• Digital display showing a map of the United States with areas of COVID-19 and a virus rendering, photo by da-kuk/Getty Images

    Commentary

    Is COVID-19 a National Security Emergency?

    Developing an effective national response to COVID-19 could begin with elevating the pandemic from a public health emergency to a national security crisis. The novel coronavirus may not be a threat that the military can defeat, but that doesn't mean the United States shouldn't set it in its sights and go on the offensive against it.

    Aug 6, 2020

  • President Donald J. Trump visits Vietnam, November 11, 2017, photo by Shealah Craighead/White House

    Commentary

    What Does Vietnam Think About America's Indo-Pacific Strategy?

    The South China Sea is where the rubber meets the road for U.S.-Vietnam security ties, and in this regard, Hanoi has gone as far as it is comfortable. Washington should expect Vietnam to continue seeking balance between China, which has economic and military superiority over it, and the United States, which can help offset Chinese power.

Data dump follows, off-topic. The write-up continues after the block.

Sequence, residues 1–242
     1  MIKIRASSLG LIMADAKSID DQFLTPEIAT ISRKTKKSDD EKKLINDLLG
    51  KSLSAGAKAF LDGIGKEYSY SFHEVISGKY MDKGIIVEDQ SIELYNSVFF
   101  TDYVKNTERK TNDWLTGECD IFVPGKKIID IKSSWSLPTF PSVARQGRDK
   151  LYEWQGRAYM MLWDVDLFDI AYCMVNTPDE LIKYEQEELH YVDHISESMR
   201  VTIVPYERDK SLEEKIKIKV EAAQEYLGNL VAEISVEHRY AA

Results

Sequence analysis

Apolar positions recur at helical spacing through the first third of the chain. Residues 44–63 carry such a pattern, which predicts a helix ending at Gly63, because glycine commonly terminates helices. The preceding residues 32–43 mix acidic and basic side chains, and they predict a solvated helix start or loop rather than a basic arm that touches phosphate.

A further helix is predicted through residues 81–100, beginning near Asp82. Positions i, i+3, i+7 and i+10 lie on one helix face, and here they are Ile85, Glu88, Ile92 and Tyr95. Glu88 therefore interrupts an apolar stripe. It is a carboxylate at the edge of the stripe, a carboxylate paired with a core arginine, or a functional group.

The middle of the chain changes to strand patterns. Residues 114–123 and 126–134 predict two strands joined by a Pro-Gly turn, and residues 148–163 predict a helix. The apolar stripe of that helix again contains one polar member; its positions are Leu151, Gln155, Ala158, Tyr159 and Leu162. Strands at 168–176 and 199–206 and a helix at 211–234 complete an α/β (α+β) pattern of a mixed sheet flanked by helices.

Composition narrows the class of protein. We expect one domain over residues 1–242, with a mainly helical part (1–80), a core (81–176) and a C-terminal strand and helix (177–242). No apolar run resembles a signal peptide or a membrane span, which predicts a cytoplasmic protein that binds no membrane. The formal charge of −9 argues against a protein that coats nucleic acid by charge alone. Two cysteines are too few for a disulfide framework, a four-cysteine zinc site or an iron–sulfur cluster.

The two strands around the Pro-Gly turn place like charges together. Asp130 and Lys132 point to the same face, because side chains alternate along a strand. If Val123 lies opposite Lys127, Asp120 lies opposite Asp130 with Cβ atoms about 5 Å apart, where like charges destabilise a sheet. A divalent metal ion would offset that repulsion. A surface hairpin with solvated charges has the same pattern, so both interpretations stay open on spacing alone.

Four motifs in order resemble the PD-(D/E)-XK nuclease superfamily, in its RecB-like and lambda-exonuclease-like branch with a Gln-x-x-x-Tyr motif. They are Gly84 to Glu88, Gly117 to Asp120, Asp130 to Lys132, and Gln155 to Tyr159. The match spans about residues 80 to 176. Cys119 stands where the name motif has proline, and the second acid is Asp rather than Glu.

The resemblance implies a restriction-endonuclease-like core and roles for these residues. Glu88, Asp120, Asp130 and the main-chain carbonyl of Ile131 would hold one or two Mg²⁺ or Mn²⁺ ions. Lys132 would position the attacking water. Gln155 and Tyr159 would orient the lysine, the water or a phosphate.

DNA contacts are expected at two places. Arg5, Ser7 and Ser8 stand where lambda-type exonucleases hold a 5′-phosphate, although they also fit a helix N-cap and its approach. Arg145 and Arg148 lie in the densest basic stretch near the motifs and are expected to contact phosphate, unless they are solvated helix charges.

Aug 5, 2020

  • News Release

    Many States Lack Flexible Voting and Registration Policies to Address Safety Concerns of Conducting Elections During ...

    Many states continue to lack the policies and preparations needed to address safety concerns of holding elections in November, despite the lessons learned in recent 2020 primary elections that were disrupted by the coronavirus pandemic.

    Aug 5, 2020

  • Ballet dancer on stage in an empty theater, photo by vgajic/Getty Images

    Commentary

    The Pandemic Is a Disaster for Artists

    The arts as we know them are likely to be shut down for the foreseeable future and the vast majority of artists have likely lost some or all of their income. How many artists are out of work, and what could be done to help them?

    Aug 4, 2020

  • A U.S. Marine with the 3rd Marine Division moves game pieces during a game of Memoir 44’ on Camp Schwab, Okinawa, Japan, Dec. 10, 2019